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Letters to the Editor

Vinegar Hill


Dear Editor,

Next year is the bicentennary of Vinegar Hill and I am seeking to find others with an interest in this.

A little information on Vinegar Hill is below (for more see http://1798.blogeasy.com).

John Byrnes

BYRNES & IRISH STUDY GROUP

PO Box 264

Summer Hill NSW 2135

Email: [email protected]

VINEGAR HILL

------------

In the year 1798 uprisings occurred in Ireland and Scotland with the aim of uniting the Protestant, Catholic and Dissenter populations and to expell the English to regain native ownership of the celtic lands. Such attempted revolution was based on the same republican ideals as was the American Revolution. Both in turn had adopted the ideals of the European "Englightenment" philosophy of reason, freedom, egality and fraternity. Unlike the American Revolution, however, the uprisings in Ireland and Scotland were squashed with comparative ease by the vastly superior musket and cannon power possessed by the English controlled forces. In Ireland one of the last great battles was at Vinegar Hill in the Country of Wexford. Nowadays at Vinegar Hill in Ireland there stands a National Centre of remembrance to 1798 and a "Tree of Liberty". Some of the prisoners from 1798 were exiled to Australia, arriving in Sydney on the Friendship II and the Minerva in 1800.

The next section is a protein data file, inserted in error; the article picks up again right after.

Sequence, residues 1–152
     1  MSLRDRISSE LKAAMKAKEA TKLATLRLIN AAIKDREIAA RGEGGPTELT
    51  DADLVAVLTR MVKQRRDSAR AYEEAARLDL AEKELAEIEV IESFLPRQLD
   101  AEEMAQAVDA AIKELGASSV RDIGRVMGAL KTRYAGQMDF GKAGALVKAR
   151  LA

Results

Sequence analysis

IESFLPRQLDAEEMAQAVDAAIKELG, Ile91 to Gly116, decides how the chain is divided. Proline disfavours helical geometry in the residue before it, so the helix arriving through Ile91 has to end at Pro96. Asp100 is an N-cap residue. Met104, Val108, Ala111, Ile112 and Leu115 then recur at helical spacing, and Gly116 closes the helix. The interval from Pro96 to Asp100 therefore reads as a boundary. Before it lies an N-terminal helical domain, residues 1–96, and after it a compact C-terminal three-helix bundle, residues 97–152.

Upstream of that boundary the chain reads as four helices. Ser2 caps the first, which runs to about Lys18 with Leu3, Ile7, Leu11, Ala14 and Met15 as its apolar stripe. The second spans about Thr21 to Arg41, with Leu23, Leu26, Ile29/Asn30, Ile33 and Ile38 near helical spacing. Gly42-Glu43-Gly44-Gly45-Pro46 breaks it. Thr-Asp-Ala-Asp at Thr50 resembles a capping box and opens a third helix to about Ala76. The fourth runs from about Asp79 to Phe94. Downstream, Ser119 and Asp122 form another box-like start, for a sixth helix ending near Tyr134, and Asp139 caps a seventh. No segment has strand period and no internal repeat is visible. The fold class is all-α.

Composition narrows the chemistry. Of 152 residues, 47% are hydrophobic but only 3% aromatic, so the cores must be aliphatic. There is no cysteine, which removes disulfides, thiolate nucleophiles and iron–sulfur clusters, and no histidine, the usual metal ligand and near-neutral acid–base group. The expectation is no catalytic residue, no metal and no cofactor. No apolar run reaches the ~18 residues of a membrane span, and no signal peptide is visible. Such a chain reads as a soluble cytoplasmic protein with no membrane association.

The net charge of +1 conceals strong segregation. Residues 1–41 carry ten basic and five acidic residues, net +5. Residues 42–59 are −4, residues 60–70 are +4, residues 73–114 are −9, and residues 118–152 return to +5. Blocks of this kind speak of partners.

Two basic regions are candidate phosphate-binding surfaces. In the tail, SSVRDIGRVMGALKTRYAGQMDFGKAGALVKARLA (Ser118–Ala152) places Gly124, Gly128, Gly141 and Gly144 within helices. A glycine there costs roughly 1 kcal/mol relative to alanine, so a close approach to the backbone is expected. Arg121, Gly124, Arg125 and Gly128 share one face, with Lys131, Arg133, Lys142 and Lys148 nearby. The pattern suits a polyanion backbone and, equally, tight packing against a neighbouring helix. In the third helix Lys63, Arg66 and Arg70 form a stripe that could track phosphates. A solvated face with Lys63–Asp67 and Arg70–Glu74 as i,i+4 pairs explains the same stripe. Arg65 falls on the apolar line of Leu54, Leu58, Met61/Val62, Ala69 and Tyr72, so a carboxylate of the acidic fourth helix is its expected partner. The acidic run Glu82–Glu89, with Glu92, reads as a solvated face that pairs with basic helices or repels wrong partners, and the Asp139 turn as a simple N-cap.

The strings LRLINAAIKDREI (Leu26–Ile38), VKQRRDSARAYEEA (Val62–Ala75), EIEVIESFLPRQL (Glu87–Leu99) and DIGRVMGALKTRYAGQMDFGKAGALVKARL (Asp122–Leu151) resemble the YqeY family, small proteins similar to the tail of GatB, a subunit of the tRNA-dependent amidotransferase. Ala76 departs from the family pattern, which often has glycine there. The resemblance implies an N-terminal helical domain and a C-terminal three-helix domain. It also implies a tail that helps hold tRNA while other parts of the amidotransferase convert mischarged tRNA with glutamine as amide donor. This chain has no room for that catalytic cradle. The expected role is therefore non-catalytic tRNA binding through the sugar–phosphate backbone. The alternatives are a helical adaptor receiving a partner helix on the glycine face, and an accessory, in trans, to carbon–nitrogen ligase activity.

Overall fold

Under the very class conscious system of the English, the "generals" of the revolution were treated entirely differently to the common or perceived lower class Irish. The rebellion leader Joseph Holt, was allowed to live here free in exile. Brave Dwyer, who after Vinegar Hill had lead his men into the Wicklow Mountains for a short period of further resistance, later became the Chief Constable of Liverpool.